City Folk is effectively Wild World 2.0, allowing players of the DS game to migrate to Wii and continue pottering aimlessly around their mature towns, bringing their possessions and neighbours with them. [Christmas 2008, p.97]
New arrivals will probably enjoy the multitude of activities in Animal Crossing: City Folk, but long-time residents won't find much to keep them from moving out.
There are several extremely frustrating issues with this incarnation of Animal Crossing. That said, what was written in the beginning of this review still holds true: the core game is still extremely charming.
LEVEL (Czech Republic)
Cute time eater brings all the same fun and experience as previous GameCube and DS versions but nothing more. Remake it is... [Issue#173]
Animal Crossing: Wild World is a good entry to the series for newer players; there's the same charm and simple fun that has drawn in many fans - but with the available technology and development time there was so much potential for doing more.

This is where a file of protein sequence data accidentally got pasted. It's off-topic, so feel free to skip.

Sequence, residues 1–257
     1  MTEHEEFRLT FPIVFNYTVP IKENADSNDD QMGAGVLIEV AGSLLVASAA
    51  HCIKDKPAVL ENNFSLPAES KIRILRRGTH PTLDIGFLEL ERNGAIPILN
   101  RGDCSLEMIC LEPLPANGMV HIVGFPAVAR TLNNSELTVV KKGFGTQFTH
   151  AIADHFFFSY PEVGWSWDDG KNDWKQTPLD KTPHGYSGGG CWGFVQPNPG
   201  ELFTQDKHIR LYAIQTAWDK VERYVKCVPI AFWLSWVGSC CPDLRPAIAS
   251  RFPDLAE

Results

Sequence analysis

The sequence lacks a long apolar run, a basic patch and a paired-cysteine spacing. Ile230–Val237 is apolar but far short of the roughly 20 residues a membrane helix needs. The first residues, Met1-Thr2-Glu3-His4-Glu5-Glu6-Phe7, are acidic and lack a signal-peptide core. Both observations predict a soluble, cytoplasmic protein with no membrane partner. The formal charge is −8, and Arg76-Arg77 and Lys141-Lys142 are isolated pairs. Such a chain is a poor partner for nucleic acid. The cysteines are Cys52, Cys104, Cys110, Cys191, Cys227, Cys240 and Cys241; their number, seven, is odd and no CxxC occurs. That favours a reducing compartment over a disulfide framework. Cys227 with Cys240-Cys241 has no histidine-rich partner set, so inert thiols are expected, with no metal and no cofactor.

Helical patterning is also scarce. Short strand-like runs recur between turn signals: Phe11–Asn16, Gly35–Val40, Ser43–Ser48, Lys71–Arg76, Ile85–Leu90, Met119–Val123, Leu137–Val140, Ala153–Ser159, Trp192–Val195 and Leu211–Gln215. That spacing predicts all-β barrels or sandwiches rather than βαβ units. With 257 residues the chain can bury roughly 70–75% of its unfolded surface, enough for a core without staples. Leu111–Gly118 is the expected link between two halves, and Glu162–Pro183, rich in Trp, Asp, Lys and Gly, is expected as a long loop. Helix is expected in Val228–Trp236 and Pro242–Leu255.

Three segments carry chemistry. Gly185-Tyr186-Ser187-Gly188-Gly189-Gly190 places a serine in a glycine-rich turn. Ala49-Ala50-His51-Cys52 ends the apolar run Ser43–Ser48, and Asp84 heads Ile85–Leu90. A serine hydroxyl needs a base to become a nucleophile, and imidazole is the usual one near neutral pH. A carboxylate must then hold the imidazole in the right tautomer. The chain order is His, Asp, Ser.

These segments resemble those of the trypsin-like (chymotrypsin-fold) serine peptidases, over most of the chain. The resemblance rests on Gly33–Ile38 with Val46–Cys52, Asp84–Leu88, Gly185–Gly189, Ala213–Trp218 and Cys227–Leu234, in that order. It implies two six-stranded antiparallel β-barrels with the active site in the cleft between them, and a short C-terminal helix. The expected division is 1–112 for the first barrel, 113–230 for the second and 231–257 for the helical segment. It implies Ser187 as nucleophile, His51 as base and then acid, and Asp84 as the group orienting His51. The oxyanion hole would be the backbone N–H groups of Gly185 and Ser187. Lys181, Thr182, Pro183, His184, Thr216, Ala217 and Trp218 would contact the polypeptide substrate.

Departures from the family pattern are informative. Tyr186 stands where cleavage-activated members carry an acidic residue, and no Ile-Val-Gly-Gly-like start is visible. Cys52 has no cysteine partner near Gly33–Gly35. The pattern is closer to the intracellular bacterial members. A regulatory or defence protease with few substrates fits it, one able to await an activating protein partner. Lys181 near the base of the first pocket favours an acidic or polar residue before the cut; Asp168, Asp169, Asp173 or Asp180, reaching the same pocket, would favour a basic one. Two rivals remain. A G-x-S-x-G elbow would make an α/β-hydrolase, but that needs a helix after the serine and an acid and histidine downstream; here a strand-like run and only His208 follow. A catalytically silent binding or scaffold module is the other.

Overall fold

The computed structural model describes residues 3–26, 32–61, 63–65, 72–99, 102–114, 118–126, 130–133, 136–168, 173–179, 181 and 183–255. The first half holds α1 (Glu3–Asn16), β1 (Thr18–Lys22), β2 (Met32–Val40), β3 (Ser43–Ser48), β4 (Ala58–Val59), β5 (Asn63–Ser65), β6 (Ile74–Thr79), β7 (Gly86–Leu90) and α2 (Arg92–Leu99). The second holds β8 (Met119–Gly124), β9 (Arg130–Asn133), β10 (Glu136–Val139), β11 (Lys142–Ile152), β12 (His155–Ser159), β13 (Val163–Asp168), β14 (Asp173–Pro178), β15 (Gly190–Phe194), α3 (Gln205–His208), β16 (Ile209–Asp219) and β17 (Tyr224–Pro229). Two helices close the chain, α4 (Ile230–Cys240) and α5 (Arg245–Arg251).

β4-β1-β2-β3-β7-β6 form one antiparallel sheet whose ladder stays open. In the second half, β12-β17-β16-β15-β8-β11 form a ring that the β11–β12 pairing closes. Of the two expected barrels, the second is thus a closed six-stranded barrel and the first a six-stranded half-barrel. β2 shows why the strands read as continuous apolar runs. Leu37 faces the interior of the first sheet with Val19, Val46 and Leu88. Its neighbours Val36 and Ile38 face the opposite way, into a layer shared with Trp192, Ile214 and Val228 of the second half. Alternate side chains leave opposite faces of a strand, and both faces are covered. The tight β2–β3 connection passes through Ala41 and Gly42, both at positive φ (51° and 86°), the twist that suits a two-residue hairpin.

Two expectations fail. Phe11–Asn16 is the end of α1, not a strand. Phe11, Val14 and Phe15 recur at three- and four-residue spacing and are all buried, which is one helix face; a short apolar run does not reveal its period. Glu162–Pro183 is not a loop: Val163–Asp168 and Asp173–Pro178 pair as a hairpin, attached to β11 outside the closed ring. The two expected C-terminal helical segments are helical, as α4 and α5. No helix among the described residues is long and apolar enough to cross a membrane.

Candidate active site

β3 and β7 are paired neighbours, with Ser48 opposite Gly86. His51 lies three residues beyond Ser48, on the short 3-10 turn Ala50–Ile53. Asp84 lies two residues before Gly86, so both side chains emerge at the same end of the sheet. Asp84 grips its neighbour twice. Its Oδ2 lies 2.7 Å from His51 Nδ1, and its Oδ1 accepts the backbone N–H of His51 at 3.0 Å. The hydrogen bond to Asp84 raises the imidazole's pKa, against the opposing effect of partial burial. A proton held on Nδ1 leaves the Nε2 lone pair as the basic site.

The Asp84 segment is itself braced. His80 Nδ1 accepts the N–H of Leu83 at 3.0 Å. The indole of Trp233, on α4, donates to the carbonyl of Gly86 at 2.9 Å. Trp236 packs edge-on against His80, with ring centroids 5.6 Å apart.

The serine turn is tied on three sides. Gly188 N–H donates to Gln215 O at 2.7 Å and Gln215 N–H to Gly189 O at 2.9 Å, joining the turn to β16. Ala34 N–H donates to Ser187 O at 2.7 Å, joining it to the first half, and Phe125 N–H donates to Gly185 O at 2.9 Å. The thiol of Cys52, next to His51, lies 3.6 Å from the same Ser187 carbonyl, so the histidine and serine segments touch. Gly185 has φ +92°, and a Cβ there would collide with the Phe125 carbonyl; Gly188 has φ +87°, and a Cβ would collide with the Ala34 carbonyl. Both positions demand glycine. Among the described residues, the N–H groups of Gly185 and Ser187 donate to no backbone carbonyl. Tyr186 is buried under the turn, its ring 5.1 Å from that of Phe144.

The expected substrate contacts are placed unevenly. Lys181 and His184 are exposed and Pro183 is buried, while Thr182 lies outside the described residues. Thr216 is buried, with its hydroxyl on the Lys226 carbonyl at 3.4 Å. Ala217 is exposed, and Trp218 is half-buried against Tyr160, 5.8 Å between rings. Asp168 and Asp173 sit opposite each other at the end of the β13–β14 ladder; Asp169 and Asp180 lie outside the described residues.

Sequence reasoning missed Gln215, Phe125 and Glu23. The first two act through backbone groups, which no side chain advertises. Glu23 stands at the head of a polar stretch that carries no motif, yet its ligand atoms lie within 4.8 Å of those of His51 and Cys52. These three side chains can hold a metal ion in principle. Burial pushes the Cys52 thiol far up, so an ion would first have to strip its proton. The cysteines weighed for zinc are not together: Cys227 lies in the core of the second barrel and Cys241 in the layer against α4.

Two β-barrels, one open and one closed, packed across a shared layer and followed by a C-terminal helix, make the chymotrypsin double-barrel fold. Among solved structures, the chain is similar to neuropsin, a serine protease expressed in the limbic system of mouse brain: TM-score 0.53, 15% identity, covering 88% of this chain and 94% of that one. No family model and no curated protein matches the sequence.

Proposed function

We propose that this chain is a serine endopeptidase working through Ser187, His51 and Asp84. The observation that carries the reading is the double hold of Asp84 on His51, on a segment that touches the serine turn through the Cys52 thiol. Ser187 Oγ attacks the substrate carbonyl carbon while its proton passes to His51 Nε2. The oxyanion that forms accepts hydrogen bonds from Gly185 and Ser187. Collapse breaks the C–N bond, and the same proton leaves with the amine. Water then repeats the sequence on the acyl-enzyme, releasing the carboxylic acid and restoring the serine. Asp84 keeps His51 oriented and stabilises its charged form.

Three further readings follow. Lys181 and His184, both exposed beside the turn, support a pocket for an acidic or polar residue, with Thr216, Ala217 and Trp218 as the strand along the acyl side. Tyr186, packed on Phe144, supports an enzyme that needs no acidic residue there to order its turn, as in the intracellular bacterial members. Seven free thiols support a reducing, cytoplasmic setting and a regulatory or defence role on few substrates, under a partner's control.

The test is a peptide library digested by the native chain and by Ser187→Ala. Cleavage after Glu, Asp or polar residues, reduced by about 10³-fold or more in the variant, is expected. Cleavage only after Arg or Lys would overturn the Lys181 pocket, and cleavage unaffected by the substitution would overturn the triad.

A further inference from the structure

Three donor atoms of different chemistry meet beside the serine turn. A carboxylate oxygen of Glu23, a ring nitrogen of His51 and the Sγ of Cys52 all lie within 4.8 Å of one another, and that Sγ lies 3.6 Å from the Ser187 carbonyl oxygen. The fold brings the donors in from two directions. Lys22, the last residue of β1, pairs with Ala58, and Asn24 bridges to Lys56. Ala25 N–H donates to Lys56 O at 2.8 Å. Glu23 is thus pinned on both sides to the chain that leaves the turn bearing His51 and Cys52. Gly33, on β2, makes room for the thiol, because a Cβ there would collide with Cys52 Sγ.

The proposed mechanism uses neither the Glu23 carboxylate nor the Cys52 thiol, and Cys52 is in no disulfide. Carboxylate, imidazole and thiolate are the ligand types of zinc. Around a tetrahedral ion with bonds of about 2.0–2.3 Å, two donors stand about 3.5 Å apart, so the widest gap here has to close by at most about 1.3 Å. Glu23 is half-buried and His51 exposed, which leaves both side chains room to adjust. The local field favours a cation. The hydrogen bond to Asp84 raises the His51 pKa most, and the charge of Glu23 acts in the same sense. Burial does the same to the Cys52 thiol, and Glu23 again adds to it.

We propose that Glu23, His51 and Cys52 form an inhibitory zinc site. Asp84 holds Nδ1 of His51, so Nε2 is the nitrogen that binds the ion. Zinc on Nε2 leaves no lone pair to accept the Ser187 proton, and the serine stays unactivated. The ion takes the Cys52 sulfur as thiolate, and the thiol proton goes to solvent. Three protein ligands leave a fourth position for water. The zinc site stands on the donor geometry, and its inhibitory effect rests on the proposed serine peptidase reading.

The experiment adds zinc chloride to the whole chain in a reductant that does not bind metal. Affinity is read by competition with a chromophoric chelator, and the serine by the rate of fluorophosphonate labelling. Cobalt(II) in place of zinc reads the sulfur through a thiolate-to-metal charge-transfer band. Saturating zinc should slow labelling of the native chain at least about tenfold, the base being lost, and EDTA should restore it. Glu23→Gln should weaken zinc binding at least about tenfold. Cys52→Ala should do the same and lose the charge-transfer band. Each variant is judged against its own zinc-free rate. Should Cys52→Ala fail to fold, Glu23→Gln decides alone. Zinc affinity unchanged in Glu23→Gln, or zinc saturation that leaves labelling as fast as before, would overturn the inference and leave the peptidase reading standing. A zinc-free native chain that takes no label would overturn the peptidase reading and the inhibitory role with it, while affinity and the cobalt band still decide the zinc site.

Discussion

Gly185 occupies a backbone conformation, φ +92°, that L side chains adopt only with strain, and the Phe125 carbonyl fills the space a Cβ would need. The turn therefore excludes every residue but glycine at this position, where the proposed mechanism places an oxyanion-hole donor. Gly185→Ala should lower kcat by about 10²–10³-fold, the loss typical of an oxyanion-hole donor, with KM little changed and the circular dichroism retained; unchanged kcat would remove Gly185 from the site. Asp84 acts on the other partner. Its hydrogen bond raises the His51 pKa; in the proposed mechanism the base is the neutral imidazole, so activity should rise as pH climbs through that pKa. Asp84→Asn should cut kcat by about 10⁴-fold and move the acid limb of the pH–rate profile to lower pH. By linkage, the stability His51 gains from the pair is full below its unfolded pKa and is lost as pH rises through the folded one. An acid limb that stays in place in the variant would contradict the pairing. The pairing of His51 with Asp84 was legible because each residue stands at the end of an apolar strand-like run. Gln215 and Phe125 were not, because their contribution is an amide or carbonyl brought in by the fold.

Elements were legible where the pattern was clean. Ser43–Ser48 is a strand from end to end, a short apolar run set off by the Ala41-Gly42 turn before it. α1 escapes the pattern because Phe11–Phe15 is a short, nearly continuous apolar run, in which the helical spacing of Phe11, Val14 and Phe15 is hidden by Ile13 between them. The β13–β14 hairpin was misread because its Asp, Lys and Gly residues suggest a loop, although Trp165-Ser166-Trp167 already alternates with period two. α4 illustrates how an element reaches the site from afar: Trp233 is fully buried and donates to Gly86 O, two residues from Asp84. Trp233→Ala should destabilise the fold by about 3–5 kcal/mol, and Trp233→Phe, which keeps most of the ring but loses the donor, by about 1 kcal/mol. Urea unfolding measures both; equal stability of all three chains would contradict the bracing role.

This is the best execution of Animal Crossing so far, but it is difficult to view it as anything other than a lazy remake of what's gone before.
Nintendo has seen fit to take a three year-old DS game, pretty it up for the Wii, and tack on a few shallow features on top of an increased price tag.
City Folk just seems like a huge missed opportunity - either that, or a lazy cash-in on Nintendo's newfound casual audience. If it's the former, they ought to just call it Wii Mortgage Payments.
Ultimately, Animal Crossing: City Folk doesn't take any meaningful risks, sticking to essentially the same formula we've seen in the previous GameCube and Nintendo DS games. While those games were quite entertaining, and this newest version doesn't debut anything meaningful, we'd have liked to see something new from Nintendo this third time around.
The average user rating for this game is 8.3 (out of 10) based on 23 User Votes